Excerpts from the Oct. 20, 2001 NY Times:
The C-17 cargo plane was 10 minutes from its drop zone when the rear door opened onto the night sky high above Afghanistan. Frigid air burst into the cabin, washing over food boxes that stood like soldiers at attention before an American flag.By Jan. 4, 2002 the State Department was able to report:
Crouching before the door, his oxygen mask pressing hard against his face, a staff sergeant named Paul signaled that the plane was one minute from its target.
Suddenly, with a rush like a powerful freight train gathering speed, 42 boxes flew out the door, opening in midair and raining their contents -- bright yellow packets of food -- on the countryside below.
Within seconds, the C-17 and two sister planes had spilled 51,000 plastic packages, each containing two ready-to-eat meals, over a remote valley in northern Afghanistan. Each wrapper bore a message, ''Food gift from the people of the United States of America,'' in English. . . .
For all the apparent simplicity of tossing food from a plane, the air drops are complex missions. . . .
Each flight requires a large supporting cast, including KC-135 tankers, Awacs command and control planes and fighter jets to protect the C-17's over hostile territory. . .
The planes fly at unusually high altitudes -- typically over 25,000 feet -- to avoid Taliban antiaircraft fire.
But at those heights crews run the risk of decompression sickness, caused by the bubbling of nitrogen out of the blood, when the cabin is depressurized so the cargo door can be safely opened.
In extreme cases, those bubbles can clog veins, causing severe pain and even death. Flight surgeons or physiologists have been assigned to the crews to watch for early symptoms of the illness.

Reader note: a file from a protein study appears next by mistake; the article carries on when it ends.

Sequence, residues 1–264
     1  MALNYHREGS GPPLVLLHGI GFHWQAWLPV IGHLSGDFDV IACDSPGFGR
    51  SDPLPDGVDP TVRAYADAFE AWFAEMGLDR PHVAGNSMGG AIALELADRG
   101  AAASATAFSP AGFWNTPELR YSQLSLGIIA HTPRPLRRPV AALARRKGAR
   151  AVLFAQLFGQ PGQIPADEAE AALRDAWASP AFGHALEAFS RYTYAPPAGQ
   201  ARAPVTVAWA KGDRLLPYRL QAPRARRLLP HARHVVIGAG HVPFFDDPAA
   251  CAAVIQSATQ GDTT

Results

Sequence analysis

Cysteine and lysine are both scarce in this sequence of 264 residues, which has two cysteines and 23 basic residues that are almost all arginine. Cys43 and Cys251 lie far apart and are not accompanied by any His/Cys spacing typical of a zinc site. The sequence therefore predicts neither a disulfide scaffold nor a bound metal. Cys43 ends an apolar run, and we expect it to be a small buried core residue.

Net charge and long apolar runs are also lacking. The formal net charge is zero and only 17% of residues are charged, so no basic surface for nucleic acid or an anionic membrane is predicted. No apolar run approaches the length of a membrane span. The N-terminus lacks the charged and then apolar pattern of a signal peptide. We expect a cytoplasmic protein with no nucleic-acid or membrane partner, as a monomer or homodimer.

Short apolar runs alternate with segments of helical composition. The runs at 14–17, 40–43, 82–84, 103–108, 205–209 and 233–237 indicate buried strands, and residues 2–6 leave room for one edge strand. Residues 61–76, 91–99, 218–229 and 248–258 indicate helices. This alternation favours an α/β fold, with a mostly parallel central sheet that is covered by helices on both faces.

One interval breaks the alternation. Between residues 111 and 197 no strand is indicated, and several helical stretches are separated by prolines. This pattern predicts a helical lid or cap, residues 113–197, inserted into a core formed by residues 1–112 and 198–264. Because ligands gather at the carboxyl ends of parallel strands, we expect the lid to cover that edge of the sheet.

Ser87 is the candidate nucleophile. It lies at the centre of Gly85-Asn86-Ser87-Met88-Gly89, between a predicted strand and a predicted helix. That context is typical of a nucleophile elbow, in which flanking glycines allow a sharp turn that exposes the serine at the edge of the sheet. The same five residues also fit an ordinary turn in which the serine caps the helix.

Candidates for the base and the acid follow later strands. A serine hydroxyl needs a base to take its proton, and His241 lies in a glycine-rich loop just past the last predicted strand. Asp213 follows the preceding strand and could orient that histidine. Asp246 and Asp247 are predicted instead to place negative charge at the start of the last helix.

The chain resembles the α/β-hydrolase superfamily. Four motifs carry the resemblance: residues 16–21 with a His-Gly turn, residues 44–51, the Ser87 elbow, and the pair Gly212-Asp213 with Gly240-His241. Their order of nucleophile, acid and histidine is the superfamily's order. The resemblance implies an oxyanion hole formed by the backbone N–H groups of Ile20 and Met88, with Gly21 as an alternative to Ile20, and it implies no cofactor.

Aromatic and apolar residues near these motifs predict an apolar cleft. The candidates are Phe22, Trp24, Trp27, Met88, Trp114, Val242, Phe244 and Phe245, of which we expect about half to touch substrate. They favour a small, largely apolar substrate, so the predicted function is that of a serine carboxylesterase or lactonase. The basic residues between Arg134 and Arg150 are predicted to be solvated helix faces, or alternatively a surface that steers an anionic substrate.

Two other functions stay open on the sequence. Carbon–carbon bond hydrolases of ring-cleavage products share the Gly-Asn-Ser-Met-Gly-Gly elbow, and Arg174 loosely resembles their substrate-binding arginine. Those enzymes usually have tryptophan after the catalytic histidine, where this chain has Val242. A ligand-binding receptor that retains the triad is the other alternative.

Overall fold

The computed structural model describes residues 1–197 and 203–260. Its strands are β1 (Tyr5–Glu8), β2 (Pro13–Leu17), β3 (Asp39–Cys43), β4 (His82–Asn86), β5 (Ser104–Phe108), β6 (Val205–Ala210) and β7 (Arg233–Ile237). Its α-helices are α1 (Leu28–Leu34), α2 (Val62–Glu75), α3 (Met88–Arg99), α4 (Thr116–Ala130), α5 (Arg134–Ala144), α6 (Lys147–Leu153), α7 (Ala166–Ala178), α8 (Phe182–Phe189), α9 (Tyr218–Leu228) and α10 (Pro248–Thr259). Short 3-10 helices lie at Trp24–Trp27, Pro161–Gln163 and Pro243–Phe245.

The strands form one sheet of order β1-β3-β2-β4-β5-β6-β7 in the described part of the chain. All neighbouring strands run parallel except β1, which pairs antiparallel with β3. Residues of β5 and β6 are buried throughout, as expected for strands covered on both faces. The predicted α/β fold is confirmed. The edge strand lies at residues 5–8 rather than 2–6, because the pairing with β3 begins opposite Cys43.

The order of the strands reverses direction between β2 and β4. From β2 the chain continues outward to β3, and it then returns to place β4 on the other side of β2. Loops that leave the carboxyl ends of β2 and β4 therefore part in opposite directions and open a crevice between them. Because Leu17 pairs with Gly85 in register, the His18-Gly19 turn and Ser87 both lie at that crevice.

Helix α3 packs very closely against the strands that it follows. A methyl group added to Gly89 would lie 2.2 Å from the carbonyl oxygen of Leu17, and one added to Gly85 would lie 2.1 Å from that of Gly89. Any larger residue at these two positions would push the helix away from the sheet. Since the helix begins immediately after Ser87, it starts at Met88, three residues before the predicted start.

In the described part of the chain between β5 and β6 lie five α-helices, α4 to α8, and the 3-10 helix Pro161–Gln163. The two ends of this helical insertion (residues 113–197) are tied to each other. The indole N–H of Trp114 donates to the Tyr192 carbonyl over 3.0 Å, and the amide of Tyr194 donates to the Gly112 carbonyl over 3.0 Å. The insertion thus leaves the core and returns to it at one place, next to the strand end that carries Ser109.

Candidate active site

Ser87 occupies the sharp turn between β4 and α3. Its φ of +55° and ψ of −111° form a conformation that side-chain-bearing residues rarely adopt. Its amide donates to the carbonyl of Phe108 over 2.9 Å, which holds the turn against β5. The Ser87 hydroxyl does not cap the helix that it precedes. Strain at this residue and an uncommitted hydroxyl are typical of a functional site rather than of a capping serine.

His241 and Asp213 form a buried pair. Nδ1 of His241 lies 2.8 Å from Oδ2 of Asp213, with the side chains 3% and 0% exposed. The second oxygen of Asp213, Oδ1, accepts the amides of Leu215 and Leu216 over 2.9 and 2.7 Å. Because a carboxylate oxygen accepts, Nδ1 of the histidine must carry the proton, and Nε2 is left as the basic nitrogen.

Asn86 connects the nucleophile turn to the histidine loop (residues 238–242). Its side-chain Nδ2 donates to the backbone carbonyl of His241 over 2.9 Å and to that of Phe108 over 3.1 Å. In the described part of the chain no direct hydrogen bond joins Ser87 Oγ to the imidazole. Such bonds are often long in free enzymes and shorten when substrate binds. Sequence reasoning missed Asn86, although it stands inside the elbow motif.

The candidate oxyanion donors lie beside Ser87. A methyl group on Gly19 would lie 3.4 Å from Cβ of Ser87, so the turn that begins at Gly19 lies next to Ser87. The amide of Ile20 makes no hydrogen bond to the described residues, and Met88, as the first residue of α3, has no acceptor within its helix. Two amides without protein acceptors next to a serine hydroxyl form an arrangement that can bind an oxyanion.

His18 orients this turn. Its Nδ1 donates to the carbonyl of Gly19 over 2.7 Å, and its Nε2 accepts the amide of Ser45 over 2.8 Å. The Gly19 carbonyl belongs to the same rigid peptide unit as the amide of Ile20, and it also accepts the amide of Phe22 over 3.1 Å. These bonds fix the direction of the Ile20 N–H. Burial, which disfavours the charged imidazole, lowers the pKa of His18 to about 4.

U.S. and U.N. efforts in Afghanistan appear to have averted starvation in the country, U.S. State Department officials said Jan. 3.Many of you who know Duke now under Brodhead's and BOT Chair Robert Steel's leadership may be saying Kingsolver was a very suitable commencement speaker selection.
Aid organizations have moved more than 200,000 tons of food into Afghanistan since Oct. 1, according to U.S. Agency for International Development Administrator Andrew Natsios and Alan Kreczko, the acting assistant secretary of state for the Bureau of Population, Refugees and Migration.
"Of that 200,000 tons, 64 percent of it came from the United States," Natsios said. "So almost two-thirds of the food that went in came from America."
Natsios forecast earlier that more than 1.5 million Afghans faced starvation unless help could flow into the war-torn country.
True enough, but Duke can do better.
Here’s another look at what Kingsolver wrote Nov. 23, 2001 concerning America's efforts to displace the Taliban and prevent starvation in Afshanistan:
”Freedom from fear, freedom from want -- these clearly aren't meant just now for the millions of Afghan civilians placed at risk of starvation because of the war.”